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Published:January 18th, 2007 16:01 EST
The End of the World-- maybe for real this time

The End of the World-- maybe for real this time

By Garrett Godwin

Ever vigilant scientists wind the Doomsday Clock forward by two minutes last night, bringing it to 11:55 p.m., just 5 minutes from the end of the world, thanks to the impact of global warming and nuclear weapons.

The Doomsday Clock was developed by The Bulletin of Atomic Scientists at The University of Chicago in 1947, two years after America dove into the nuclear era by dropping atomic bombs on Hiroshima and Nagasaki.

The Bulletin was created by students working on the first nuclear bomb, and is now recognized by the world's most well respected scientists.

The hands on the symbolic Doomsday Clock haven't been moved since 2002, when scientists moved time forward by two minutes, to 11:53, due the 9/11 attacks on America.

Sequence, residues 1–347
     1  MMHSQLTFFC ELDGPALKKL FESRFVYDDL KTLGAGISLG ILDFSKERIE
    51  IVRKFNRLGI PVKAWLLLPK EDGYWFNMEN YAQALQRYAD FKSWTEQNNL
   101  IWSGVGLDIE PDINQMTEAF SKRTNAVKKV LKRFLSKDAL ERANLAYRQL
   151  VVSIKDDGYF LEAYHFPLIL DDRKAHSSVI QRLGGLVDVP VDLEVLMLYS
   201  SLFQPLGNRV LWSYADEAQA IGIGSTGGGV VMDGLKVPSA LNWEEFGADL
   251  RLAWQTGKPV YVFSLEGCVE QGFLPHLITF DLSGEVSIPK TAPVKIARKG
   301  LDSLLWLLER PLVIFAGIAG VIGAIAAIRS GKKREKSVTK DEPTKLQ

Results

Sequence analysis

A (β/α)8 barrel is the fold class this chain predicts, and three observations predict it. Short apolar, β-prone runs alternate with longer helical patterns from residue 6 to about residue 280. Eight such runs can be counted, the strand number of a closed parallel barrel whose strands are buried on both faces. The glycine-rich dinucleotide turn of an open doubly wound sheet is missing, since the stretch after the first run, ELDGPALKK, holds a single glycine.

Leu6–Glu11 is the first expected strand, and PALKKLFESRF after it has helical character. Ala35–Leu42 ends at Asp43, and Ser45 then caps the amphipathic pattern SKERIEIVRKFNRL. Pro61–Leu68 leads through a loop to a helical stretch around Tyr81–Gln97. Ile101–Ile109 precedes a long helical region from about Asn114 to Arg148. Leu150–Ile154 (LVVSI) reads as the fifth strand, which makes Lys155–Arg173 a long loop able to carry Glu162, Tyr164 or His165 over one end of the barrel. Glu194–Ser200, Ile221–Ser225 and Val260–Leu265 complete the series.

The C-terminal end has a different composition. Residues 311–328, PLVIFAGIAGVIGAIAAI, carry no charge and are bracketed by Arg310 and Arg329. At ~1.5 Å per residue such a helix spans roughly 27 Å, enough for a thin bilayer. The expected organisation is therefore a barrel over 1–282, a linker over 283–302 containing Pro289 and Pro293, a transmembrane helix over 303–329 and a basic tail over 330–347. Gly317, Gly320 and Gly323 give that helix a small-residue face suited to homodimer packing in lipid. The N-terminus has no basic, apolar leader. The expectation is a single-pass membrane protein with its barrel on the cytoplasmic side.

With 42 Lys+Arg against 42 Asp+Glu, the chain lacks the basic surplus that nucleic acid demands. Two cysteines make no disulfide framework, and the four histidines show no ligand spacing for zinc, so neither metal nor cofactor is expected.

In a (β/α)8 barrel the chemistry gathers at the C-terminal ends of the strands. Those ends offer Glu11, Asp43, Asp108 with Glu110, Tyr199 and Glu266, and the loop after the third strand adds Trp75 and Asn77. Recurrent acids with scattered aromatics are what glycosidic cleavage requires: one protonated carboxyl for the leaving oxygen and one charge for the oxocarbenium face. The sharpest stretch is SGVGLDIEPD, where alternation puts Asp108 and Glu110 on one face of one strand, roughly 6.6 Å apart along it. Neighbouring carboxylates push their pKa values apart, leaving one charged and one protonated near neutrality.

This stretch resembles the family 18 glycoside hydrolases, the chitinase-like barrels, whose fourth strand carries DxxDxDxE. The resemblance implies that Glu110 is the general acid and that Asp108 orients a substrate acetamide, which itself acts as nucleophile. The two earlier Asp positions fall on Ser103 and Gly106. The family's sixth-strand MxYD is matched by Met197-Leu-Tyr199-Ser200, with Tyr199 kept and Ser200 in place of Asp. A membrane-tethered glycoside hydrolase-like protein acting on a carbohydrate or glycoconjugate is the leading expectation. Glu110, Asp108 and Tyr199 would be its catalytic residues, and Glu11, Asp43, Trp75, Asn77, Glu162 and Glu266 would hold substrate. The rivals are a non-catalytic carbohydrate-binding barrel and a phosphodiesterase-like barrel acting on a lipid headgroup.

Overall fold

"We stand at the brink of a second nuclear age", the The Bulletin of Atomic Scientists said in a statement.

The group pointed to North Korea's first test of a nuclear weapon a year ago, Iran's nuclear ambitions, America's fascination with "bunker buster" nuclear bombs, the ongoing presence of 26,000 nuclear weapons in both the U.S. and Russia, and security problems for nuclear materials as reasons for the time change.

Scientists also stated that the destruction of human habitats and changes in weather brought on by human activities increase the danger to humanity and thusly impact the hands of the Doomsday Clock.

"Global warming", they said, "poses a dire threat to human civilization that is second only to nuclear weapons."

The time change announcement was made in news conferences in both Washington and London. Theoretical physicist Stephen Hawking, from the University of Cambridge, also a member of the Bulletin's board of sponsors, gave a statement to reporters.

"We foresee great peril", he said, "if governments and societies do not take action now to render nuclear weapons obsolete and to prevent further climate change."

Source: Reuters (UK )